3. Final drive: examination and renovation

  1. Dismantling the final drive is beyond the scope of the majority of amateur mechanics. Wear or damage will be indicated by a high pitched whine. Backlash between the crownwheel and pinion may be assessed by holding the wheel flange firmly and rotating the pinion shaft in both directions. Any lateral play in the crownwheel can only be checked with the assembly installed in the machine. by pulling and pushing the rear wheel.
  2. If any wear or damage is found or suspected, take the unit to an authorised BMW dealer for reconditioning.
  3. The only task which can be undertaken by the private owner is the removal of the cover to renew a faulty crownwheel oil seal or to attend to the speedometer impulse transmitter rotor.
  4. If this is to be undertaken, drain the oil from the unit and mark the cover and housing across the joint face so that it can be correctly refitted on disc rear brake models; on drum rear brake models use a stepped drift of suitable size to tap the brake camshaft sleeve out of the cover to the housing right-hand side. Working progressively and evenly in a diagonal sequence remove the cover retaining bolts or Allen screws and withdraw the cover, applying a few firm taps from a soft-faced mallet to break the seal.
  5. The crownwheel should be removed with the cover; since the shims are fitted between the taper roller bearing inner race and the crownwheel, or between the ball bearing and cover, they will not be disturbed at this stage.
  6. First check that the speedometer rotor is firmly fixed on the crownwheel end and that it is undamaged; this applies mainly to early 100 models since the fit of these two components was improved on all 75 models and later 100 models. If it is to be renewed, the taper roller bearing inner race must be extracted first, using a knife-edged bearing puller; take careful note of any shims found and ensure that they are fitted in exactly their original positions on reassembly. If the rotor is loose but the mating surfaces are undamaged, all components should be thoroughly degreased and all traces of oil deposits or corrosion polished away. Apply a few drops of Loctite 638 or RC/620 (62040) adhesive to the contact faces and tap the rotor onto the crownwheel with a soft-faced mallet. When the rotor is seated fully against the crownwheel shoulder, leave the assembly for four hours so that the adhesive can cure. This can be speeded up to 30 - 40 minutes by heating the crownwheel and rotor to 120°C (248°F).
  7. If the oil seal is to be renewed, tap out the crownwheel and bearing; BMW recommend that the cover be heated to approximately 80°C (176°F) to permit this. The ball bearing should stay on the crownwheel, in which case the shim behind it should be refitted exactly the same way round. The seal itself can then be driven out and the new seal fitted with a smear of grease around its outer edge. Fit the new seal by hand as far as possible, ensuring it remains square to its housing, then tap it into place using a hammer and a tubular drift which bears only on the seal hard outer edge. If a sufficiently large drift cannot be found, use either a soft-faced mallet with great care, tapping the seal evenly and squarely into its housing until it is flush with the cover, or take the assembly to an authorised BMW dealer to be rebuilt with the correct service tools.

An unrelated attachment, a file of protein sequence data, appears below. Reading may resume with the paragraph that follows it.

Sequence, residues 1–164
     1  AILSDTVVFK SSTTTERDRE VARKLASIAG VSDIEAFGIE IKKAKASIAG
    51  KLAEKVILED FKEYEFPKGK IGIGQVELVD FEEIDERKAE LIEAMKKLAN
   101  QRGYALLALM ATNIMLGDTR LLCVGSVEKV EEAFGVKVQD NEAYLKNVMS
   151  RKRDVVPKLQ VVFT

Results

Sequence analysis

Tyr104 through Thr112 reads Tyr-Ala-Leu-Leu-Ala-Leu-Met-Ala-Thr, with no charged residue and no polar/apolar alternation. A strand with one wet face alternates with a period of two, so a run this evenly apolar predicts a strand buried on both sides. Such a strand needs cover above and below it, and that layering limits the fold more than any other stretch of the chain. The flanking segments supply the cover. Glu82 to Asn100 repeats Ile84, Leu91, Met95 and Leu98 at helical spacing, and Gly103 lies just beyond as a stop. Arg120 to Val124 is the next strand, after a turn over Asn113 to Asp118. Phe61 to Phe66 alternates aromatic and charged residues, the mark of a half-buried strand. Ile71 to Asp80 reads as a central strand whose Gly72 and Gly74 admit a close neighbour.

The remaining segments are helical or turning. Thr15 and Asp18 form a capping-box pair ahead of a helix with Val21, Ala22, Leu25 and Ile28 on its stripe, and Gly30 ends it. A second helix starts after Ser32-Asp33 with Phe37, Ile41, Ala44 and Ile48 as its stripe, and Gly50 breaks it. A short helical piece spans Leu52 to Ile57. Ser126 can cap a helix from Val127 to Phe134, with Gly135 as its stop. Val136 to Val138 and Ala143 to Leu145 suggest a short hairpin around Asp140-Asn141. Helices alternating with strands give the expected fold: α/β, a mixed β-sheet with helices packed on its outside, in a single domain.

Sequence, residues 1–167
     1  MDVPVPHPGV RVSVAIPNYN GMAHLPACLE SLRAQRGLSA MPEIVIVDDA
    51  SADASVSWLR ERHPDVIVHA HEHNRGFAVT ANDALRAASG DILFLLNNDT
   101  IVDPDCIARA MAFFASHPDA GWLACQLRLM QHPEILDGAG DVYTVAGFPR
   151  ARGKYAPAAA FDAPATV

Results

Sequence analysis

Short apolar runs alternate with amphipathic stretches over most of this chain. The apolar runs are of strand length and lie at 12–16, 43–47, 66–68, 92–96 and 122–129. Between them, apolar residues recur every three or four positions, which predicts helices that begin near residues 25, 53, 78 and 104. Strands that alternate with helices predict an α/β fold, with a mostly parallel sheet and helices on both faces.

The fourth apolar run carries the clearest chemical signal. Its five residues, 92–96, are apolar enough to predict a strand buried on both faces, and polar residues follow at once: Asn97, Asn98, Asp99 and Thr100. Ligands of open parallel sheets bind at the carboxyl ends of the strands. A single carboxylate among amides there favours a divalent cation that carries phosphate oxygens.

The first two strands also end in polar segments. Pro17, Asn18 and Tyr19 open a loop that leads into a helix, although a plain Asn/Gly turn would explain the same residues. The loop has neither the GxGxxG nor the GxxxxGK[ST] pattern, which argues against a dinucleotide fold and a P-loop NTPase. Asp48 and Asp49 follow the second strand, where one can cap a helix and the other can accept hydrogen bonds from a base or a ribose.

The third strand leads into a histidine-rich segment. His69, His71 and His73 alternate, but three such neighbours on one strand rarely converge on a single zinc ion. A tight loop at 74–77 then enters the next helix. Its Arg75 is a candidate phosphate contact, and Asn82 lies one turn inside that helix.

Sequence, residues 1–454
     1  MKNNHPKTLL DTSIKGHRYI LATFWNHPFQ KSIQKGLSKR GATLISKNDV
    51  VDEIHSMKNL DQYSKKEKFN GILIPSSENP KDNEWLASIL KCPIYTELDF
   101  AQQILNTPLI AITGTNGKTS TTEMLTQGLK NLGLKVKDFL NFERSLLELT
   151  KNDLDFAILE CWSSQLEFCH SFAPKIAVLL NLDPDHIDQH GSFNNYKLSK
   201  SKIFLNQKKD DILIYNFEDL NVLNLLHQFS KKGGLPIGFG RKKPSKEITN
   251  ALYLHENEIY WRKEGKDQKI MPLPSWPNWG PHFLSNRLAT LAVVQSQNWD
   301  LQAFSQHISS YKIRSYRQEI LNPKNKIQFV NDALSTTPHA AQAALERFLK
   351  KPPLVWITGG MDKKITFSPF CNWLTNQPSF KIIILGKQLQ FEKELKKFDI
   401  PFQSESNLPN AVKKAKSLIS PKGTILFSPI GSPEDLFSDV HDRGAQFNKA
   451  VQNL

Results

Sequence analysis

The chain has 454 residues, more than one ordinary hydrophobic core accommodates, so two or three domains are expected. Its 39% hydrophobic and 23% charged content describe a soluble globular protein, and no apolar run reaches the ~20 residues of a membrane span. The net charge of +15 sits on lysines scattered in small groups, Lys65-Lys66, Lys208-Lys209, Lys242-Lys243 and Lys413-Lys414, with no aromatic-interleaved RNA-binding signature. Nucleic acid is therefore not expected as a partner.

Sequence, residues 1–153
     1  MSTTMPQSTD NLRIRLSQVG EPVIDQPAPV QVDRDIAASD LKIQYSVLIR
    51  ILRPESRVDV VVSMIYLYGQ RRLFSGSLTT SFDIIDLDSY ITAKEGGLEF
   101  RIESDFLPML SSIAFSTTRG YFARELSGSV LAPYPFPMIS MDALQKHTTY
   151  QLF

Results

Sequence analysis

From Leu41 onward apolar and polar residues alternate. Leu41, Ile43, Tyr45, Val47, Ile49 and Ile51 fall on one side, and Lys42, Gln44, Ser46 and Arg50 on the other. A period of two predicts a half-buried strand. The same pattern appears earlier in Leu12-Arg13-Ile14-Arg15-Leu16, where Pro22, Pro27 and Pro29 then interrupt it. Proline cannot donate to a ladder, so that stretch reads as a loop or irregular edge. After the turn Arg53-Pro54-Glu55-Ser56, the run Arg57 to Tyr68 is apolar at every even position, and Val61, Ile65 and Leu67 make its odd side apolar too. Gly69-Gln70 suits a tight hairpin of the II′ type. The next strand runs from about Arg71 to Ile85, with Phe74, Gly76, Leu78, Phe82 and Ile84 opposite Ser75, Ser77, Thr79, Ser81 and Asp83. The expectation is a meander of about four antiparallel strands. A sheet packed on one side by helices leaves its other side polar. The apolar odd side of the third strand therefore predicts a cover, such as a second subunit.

8. On very early (1984 models only) UK K100 models check that the breather is clear by removing the breather cap and inserting a length of wire into the breather passage. If the wire enters by more than 22 mm (0.9 in), down to 30 mm (1.2 in) approximately, the passage is clear and the wire can be removed and the cap refitted. If the wire cannot be inserted as far as this, the passage is blocked and must be cleared by the careful use of a 7.5 mm (0.3 in) diameter drill bit. With the breather cap and final drive housing cover removed, drill downwards to the outer annular cavity, taking great care not to damage the thin walls of the breather passage. Be very careful to clean away all traces of swarf and other debris.

    Note: This only proved necessary on very early models after which the breather was checked at the factory. It is also very unlikely that any machine has survived unmodified.

  9. Later 100 models were fitted with a modified type of breather incorporating an O-ring around the breather base and a cap with a 3 mm (0.12 in) hole drilled in it: note that the hole must face to the rear. This modification was to further seal the breather against the entry of water and is fitted as standerd to all 75 models. If water is found in the final drive oil on early 100 models, take the machine to an authorised BMW dealer for checking.
  10. On reassembly, grease the seal lips and do not forget the shim as the crownwheel is fitted to the cover. Fit a new O-ring to the cover groove and grease it. then place the cover assembly on the final drive housing and align the marks made on removal (disc brake models) or the brake camshaft passages (drum brake models) before tapping the cover into place; ensure that the O-ring is not damaged or disturbed. Working progressively and evenly in a diagonal sequence tighten the cover retaining bolts or Allen screws to the specified torque wrench setting. Use the stepped drift to tap the brake camshaft sleeve back into place in the cover (drum brake models only).

3.4a Disc rear brake models only - make reference marks to ensure correct reassembly ...

3.4b ... before removing final drive case cover

3.5a Crownwheel, bearing and speedometer rotor will be removed with cover ...

3.5b ... and must be tapped out if seal is to be renewed

3.7 Do not attempt to disturb final drive pinion assembly

3.10a Thoroughly clean housing mating surfaces on reassembly ...

3.10b ... and always renew sealing O-ring